As further noted above, at present most lifetime-based fluorophores display lifetimes from 1 to 10 ns, which requires relatively fast electronics for time-domain lifetime measurements or modulation frequencies from 10 to 100 MHZ for frequency-domain measurements. Additionally, the auto-fluorescence from most biological specimens displays decay times near 1-10 ns, making it difficult to separate the desired signal from the interfering auto-fluorescence. The availability of longer lived probes permits design of simple instruments for point-of-care assays and off-gating the short lived autofluorescence in circumstances which requires high sensitivity detection. In fact, a solid state phase-modulation fluorometer has already been reported. See, Detection of Fluorescence Lifetime Based on Solid State Technology and Its Application to Optical Oxygen Sensing (1995). Gruber, W. R., O'Leary, P. And Wolfbeis, O. S., SPIE Proc., 2388:148-158.
 Use of long-lifetime metal-ligand probes may be useful in fluorescence microscopy and for chemical imaging by lifetime imaging. See, e.g., Fluorescence Lifetime-Imaging of Intracellular Calcium in COS Cells Using Quin-2 (1994). Lakowicz, J. R., H. Szmacinski, K. Nowaczyk, W. J. Lederer, M. S. Kirby and M. L. Johnson. Cell Calcium, 15:7-27. Fluorescence Lifetime Imaging of Free and Protein-Bound NADH (1992). Lakowicz, J. R., H. Szmacinski, K. Nowaczyk and M. L. Johnson. Proc. Natl. Acad. Sci. U.S.A., 89:1271-1275. High-Speed Fluorescence Microscopy: Lifetime Imaging in the Biomedical Sciences (1995). Periasamy, A., X. F. Wang, P. Wodnick, G. W. Gordon, S. Kown, P. A. Diliberto and B. Herman. J. S. M. A., 1(1):13-23.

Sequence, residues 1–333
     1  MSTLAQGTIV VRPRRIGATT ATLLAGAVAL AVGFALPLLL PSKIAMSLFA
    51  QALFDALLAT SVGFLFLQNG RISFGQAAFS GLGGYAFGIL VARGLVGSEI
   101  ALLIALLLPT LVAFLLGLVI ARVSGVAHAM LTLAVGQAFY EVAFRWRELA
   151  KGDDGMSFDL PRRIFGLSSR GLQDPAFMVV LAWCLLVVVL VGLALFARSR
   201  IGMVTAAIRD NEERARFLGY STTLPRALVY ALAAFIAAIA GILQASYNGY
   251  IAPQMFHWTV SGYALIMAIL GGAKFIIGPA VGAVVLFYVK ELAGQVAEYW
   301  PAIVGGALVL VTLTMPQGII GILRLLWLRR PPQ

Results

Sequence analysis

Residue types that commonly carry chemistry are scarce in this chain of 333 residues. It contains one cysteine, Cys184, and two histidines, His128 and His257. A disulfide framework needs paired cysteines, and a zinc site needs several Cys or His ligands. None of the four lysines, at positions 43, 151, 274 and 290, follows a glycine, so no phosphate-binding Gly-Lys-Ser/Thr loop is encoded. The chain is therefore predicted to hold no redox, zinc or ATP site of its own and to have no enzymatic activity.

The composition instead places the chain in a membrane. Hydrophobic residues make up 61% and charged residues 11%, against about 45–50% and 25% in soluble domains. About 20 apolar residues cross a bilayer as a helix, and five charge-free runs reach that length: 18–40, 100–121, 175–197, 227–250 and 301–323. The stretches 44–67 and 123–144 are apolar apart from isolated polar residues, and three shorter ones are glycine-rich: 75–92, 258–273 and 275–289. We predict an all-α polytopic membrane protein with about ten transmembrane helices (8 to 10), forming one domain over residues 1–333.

Herein is described the synthesis and spectral properties of a long lived metal-ligand complex (MLC) which displays pH sensitive emission in the physiological range from 6 to 8. This compound [Ru(deabpy) (bpy)2]2+(FIG. 10) was found to display pH sensitive intensities, phase angles and modulations with an apparent pKa near 7.5. This pH-dependent MLC can be regarded of the first of a series of cation-sensitive probes which display decay times in excess of 200 ns.